Hogwarts Hero Takes On United Nations

Holiday 2014

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To many of us, British actress, Emma Watson will always be known for her iconic role as Hermione Granger in the beloved Harry Potter series, not for her work as a gender equality activist. This past July, Watson earned a new honor quite different from her various accolades as an actress. Shortly after her graduation from Brown University, Watson was named the U.N. Women Goodwill Ambassador for the “HeForShe” campaign. This past September, Watson gave an impassioned speech on gender equality and feminism at the UN headquarters in New York to launch the “HeForShe” campaign, a global campaign that aims to galvanize one billion men and boys to advocate gender equality, addressing issues such as violence against women and their diminished socio-economic empowerment in many societies.
While many may feel that Watson’s fame will distract from the movement, Macon Sheppard ’15 expressed a different view: “I appreciate Emma Watson’s efforts at the U.N. for gender equality, and I think she is shedding light on some of the central issues that have impeded progress towards gender equality. I think it’s unfortunate that feminism has been conflated with “man-hating,” but I do think that some feminists could be more welcoming towards the men trying to join their push for equality.”
The “HeForShe” campaign aims to end the silence that has lasted for too long about gender inequalities. Females have a traditionally subservient role in many African and Asian societies, and many men in these countries expect their women to behave accordingly. In Iran this past October assailants on motorcycles, suspected to be Islamic vigilantes, threw acid in the faces of at least eight young women. Many Iranians believe that these women were targeted because the attackers deemed them to be improperly veiled. This is one of the many examples of gender inequality that will take years to fix because of many communities’ intense commitment to traditional customs and behavior.
In her speech, Watson touched on some of the connotations with the “feminism” that derail the movement for woman’s rights. Watson has attempted to dispel the misconception that the movement for women’s rights attempts to deride men: “The more I have spoken about feminism, the more I have realized that fighting for women’s rights has too often become synonymous with man-hating. If there is one thing I know for certain, it is that this has to stop,” she said in her speech.
Men, too, have been victims of gender inequalities. Present Western society favors men who foster a sense of bravado or machismo. When males do not fall into this category, for whatever reason, they have a tendency to lose a sense of purpose in their lives. For example, from 1981-2012 male suicide rates in the U.S. were quadruple those of females.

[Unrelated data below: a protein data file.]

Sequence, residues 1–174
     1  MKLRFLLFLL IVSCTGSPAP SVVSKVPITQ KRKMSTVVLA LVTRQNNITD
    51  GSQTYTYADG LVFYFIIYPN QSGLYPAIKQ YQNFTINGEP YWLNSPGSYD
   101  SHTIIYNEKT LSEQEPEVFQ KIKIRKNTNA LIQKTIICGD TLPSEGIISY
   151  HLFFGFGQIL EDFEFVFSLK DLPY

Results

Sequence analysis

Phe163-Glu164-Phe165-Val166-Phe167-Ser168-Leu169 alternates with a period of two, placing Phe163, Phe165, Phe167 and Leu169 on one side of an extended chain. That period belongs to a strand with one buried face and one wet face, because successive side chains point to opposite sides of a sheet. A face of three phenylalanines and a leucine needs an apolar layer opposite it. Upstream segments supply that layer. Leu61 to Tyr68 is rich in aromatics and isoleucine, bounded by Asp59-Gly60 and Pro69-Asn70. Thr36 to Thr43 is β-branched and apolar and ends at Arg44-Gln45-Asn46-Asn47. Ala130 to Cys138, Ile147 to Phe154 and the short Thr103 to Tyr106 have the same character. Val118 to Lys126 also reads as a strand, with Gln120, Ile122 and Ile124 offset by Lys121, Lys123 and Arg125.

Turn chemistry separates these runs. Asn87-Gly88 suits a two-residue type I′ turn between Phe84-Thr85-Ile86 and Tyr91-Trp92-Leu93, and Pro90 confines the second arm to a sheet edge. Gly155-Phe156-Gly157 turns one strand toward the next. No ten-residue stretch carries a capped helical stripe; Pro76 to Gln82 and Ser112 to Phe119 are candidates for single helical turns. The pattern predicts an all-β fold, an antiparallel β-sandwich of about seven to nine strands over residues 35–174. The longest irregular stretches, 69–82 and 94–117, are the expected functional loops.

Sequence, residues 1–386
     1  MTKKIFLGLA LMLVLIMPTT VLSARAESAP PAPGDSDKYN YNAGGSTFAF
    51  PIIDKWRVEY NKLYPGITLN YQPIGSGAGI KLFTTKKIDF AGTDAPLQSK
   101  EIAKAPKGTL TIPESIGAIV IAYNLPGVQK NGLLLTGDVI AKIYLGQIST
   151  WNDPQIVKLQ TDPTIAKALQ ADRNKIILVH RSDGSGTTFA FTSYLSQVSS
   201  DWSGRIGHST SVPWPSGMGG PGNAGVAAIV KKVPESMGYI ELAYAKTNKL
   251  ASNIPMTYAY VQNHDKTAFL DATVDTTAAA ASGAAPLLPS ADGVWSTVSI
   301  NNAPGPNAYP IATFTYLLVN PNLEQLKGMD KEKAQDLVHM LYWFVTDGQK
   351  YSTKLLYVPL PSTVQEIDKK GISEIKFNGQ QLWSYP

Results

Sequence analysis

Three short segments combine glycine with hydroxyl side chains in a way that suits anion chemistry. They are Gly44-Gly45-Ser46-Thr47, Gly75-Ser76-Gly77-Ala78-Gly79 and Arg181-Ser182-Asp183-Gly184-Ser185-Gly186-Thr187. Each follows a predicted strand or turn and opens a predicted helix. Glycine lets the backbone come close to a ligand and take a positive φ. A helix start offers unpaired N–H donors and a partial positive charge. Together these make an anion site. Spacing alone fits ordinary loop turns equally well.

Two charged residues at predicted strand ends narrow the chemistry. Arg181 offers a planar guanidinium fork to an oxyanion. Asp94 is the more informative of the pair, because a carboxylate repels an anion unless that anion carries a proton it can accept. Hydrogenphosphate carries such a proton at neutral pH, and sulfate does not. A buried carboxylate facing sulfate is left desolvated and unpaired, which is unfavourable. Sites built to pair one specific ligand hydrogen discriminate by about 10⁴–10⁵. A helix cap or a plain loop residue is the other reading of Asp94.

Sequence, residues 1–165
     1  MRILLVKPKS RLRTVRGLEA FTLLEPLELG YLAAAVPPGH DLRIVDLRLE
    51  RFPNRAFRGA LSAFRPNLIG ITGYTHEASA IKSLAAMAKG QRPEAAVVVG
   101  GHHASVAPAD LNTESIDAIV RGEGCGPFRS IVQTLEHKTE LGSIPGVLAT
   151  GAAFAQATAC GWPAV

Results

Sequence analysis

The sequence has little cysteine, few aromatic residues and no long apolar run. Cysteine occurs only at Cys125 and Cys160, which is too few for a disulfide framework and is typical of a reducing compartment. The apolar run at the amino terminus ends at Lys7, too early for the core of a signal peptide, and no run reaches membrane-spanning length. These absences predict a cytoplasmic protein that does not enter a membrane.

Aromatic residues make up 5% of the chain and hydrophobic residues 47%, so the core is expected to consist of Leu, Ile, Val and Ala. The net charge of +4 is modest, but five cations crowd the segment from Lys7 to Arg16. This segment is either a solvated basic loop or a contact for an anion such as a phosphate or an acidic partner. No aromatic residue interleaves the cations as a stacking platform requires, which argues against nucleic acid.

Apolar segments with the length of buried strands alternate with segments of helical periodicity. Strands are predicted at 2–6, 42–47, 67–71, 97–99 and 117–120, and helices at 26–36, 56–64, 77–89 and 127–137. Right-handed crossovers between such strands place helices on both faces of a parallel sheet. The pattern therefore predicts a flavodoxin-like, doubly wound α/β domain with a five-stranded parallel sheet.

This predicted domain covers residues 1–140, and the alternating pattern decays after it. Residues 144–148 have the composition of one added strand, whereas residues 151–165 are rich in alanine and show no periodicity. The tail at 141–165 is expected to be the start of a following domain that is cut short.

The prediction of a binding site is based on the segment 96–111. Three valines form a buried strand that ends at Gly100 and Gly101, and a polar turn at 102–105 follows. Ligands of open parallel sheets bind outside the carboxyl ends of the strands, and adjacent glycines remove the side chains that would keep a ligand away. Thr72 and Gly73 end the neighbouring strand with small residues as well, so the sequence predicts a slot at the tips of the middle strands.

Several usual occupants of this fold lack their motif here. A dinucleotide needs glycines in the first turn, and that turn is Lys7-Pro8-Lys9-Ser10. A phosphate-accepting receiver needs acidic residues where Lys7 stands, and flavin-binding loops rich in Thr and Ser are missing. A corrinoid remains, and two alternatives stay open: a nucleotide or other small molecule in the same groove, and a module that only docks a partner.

Watson emphasized that the “HeForShe” campaign calls for male advocates of gender equality because in order to resolve this issue, there needs to be equal participation from both sexes. Joslyn Gardner ’16 expressed a similar call to attention for the campaign: “The feminist movement needs to be a united effort from all genders, not just a one-sided one. Feminism has become synonymous with “man-hating” because the feminist movement is seen as blaming men for treating women unequally. The first step to gender equality is realizing that both genders are at some points faced with inequality, and men and women need to come together and confront both sides of this issue.”
Certain professions in the United States, such as medicine and engineering, have been labeled as male-dominated fields. This had led to a widespread misconception that women are inherently worse at these professions. To the contrary, women have succeeded when they have had the ability to establish themselves as intellectual peers to men. This equality is being achieved through higher education and the gradual acceptance of women as equals in these professions. However, this has taken a very long time. MomMD reports that in 1949, 5.5% of entering U.S. medical students were female. According to the American Association of Medical Colleges (AAMC) 48.3% (16,838) of medical degrees awarded in the US in 2009-10 were earned by women.
It may seem that Emma Watson is too young or inexperienced to be the ambassador of a campaign against gender inequality. But her speech highlighted the truth that gender inequality can only be beaten by gradually raising awareness in society. Gender inequality will be difficult to achieve across various continents due to the many disparate traditions that have incubated for centuries, but if both men and women become advocates for gender equality, this issue can make headway.

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